Masters of Mobility


11.3 Portraits

P1 – Portrait of a man holding a watch, c. 1604

Gerson mentions the portrait as a supposed self-portrait of David Kindt.1 This painting is a portrait of an unknown gentleman, signed by David Kindt, which today is no longer regarded as a self-portrait.2 The half-length portrait shows a man turned to the right with a reddish pointed beard against a dark background. He holds an open pocket watch in his right hand. He wears a black silk shirt with a woven floral pattern and a broad ruff of fine, white linen, set into figure-of-eight folds. The misidentification as a self-portrait is based on the interpretation of the signature Dauit Kindt ET F., which is on the pocket watch and is dissolved as David Kindt Ego Te Feci (David Kindt I made you).3 With this wording, however, the signature by no means refers to a self-portrait, but merely to the authorship of David Kindt. It is very likely that the portrait depicts a young, wealthy merchant from Hamburg. A portrait similar in posture and clothing was created by David Kindt of the Hamburg merchant and later senator Rudolf Amsinck, who also holds an open pocket watch in his right hand (see below). Pocket watches and travel watches were still a rarity at that time. They were only affordable for the wealthy. For travelling merchants who did business on the international stock exchanges in Hamburg, Antwerp, London or Amsterdam, they were of great use.4

David Kindt
Portrait of a man holding a watch, c. 1604
Hamburg, Hamburger Kunsthalle, inv./ 457

P2 – Portrait of an elderly woman, dated 1604

The supposed self-portrait is associated with another portrait by David Kindt, which in older literature is referred to as the artist’s mother.5 This portrait is probably not the painter’s mother, but an unknown elderly lady, who might well be the mother of the unknown young gentleman mentioned above. The woman is depicted in half profile, slightly turned to the left, against an indefinite, dark background. She is wearing a black velvet robe with light brown fur trimming and a high, stiff, tightly pleated ruff. On her head she wears a white bonnet which is folded over her temples. The face of the lady is very finely drawn. Friendly and attentive, her grey-brown eyes seem to be looking at her counterpart. The contours of cheeks, nose and chin seem very plastic by the distribution of the light and shadow-parts. The cheeks are slightly reddened and a smile lies on her lips. She holds a small book with a red cover and a gilt edge in her right hand, with an index finger between the pages, so that she can resume reading the next moment. Her left hand rests on the wrist of her right hand. The white, lace-trimmed cuffs of the undergarment look out of her sleeves. On the ring finger of her left hand she wears a gold ring consisting of three narrow individual rings which are interwoven with each other. As in the depiction of the face, the skill of the portraitist David Kindt in creating plasticity and liveliness through highlights and shadows is also evident in the hands.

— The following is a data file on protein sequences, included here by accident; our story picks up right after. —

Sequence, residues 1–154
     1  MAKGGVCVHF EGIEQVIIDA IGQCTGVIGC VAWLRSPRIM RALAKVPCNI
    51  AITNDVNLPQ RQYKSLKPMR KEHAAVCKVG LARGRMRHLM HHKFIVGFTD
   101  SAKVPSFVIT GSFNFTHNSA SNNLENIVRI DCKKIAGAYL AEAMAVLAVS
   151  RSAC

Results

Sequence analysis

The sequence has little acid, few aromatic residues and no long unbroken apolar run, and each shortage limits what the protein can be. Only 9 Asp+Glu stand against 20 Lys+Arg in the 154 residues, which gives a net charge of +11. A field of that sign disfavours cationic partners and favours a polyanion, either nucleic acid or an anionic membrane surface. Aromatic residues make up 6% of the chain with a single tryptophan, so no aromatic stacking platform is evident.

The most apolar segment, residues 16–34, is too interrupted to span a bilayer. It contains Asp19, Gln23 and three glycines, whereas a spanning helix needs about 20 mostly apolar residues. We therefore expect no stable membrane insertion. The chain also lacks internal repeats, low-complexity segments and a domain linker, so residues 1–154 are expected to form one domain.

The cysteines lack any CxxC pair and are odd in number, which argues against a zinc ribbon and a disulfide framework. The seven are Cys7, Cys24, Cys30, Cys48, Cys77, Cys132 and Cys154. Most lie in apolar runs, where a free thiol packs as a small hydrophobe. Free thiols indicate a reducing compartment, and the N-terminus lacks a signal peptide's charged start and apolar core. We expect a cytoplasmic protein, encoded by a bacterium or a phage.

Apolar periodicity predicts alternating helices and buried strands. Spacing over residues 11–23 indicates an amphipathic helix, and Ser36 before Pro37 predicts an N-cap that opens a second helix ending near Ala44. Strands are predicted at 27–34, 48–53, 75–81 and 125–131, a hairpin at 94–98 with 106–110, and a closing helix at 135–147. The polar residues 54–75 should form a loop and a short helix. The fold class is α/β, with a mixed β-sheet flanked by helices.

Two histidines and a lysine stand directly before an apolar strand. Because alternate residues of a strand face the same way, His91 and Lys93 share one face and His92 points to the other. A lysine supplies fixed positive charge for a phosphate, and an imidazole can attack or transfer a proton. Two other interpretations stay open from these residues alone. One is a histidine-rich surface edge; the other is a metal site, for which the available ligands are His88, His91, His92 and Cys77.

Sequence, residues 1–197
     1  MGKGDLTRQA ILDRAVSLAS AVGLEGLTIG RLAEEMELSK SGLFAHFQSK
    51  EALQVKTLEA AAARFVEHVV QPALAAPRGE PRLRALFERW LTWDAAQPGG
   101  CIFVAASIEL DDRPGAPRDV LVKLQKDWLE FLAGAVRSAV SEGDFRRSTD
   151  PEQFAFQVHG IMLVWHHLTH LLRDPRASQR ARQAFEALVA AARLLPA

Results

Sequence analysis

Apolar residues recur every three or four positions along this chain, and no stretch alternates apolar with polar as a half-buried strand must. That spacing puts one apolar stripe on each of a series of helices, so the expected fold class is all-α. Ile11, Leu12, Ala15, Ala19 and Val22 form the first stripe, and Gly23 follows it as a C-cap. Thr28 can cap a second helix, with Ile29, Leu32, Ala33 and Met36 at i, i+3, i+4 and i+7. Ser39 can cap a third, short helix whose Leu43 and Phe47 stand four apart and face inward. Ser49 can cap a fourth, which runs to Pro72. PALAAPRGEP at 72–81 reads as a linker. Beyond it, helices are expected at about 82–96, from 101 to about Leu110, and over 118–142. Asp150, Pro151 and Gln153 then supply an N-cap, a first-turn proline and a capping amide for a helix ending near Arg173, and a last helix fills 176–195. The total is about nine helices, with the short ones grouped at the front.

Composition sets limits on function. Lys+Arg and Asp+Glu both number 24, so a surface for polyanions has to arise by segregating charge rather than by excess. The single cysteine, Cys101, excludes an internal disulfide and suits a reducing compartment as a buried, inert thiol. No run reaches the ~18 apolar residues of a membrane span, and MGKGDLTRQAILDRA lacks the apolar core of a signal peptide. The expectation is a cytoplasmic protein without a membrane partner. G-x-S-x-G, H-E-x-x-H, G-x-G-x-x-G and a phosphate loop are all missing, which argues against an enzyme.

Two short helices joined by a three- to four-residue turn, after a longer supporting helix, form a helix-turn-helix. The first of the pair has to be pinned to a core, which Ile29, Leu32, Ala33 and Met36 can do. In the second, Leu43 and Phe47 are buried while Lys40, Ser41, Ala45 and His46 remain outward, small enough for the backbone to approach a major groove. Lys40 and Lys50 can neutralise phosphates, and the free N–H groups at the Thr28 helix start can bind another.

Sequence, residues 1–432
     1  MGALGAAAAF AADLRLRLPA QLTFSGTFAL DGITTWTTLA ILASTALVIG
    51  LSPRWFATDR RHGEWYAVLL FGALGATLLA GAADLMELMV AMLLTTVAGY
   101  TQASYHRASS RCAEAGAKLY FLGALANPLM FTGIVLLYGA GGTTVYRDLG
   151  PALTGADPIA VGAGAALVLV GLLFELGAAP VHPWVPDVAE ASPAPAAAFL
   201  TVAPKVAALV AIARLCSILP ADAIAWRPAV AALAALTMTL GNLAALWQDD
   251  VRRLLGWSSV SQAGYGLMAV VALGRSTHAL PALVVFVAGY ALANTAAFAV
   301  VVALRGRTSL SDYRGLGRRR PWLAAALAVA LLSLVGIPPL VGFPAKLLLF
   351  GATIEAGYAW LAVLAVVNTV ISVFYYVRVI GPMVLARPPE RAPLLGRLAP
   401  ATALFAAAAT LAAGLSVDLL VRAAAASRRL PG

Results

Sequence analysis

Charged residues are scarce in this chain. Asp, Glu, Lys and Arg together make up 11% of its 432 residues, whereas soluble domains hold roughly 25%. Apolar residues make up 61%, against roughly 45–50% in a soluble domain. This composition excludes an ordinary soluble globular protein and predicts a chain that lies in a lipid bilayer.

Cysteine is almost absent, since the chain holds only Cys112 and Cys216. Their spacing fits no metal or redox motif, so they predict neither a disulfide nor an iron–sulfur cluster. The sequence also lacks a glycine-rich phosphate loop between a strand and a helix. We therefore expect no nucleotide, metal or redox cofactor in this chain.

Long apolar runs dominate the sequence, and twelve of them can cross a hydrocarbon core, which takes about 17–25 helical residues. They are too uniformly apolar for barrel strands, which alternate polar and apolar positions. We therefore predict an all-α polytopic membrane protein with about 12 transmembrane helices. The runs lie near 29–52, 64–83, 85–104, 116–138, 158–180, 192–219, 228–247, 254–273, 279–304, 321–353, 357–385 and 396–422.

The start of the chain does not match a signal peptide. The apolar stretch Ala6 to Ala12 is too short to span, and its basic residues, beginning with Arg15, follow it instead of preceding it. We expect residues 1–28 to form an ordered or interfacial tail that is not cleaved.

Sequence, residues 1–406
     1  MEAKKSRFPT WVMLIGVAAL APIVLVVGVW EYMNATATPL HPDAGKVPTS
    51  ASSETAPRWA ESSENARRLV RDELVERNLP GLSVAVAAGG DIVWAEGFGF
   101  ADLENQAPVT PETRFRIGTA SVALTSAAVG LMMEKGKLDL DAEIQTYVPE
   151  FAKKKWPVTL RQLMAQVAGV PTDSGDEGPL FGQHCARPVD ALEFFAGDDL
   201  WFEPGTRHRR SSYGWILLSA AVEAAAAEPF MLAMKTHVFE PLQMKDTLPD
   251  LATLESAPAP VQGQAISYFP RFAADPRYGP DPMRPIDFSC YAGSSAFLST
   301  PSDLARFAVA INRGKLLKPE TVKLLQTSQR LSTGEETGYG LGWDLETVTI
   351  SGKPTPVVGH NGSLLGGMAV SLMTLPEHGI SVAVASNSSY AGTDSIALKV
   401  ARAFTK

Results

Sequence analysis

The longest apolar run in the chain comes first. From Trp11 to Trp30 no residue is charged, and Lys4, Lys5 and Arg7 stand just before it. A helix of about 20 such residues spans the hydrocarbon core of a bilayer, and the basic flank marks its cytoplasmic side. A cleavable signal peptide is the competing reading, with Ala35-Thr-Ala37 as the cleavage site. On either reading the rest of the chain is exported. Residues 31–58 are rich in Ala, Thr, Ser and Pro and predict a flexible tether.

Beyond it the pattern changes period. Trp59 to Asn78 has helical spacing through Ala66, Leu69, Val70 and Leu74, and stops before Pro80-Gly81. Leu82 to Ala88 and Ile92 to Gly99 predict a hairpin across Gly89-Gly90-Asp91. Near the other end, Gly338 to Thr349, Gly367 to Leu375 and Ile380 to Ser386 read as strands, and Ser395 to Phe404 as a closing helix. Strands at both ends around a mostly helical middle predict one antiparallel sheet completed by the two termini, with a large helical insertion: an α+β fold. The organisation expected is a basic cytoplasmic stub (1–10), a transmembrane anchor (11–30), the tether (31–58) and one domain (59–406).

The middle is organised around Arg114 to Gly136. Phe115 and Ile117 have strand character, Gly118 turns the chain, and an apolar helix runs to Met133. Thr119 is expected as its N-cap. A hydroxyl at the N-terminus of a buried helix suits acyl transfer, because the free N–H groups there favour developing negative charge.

David Kindt
Portrait of an elderly woman, dated 1604
Hamburg, Hamburger Kunsthalle, inv./ 458

P3 – Portrait of Rudolf Amsinck (1577-1636), dated 1604

In 1604 David Kindt painted the portrait of the merchant and senator Rudolf Amsinck (1577-1636).6 Rudolf Amsinck was a son of Willem Amsinck and Henrica van de Rouse who fled the Netherlands. The Amsinck family was immensely wealthy. They owned land and country houses in the surroundings of Hamburg, in Curslack, Billwerder and on the island Nordstrand. Rudolf Amsinck was co-founder of the insurance company Rudolf und Arnold Amsinck, co-founder of the Hamburger Bank and founder of a wire mill in Gröhnwohld near Trittau in Holstein. In 1618 he became juror of the main church St. Peter’s in Hamburg, in 1619 councillor and in 1626 colonel of the main church St. Catherine in Hamburg. He took part in numerous missions to Denmark and the Netherlands. The portrait shows Rudolf Amsinck at the age of 27 as a half-figure turned to the right against a dark background. He wears a black, slashed doublet and a white ruff. The starched linen is set into elaborate figure-of-eight folds and the gold thread of the supportasse shines through the fine fabric. Rudolf Amsinck’s reddish hair is short, and he wears a slightly twirled moustache and a small beard. In his right hand he holds an open pocket watch that resembles the watch of the unknown gentleman in the Hamburger Kunsthalle.

David Kindt
Portrait of Rudolf Amsinck (1577-1636), dated 1604
Hamburg, Museum für Hamburgische Geschichte

P4 – Portrait of Isabeau Amsinck (1583-1636), dated 1604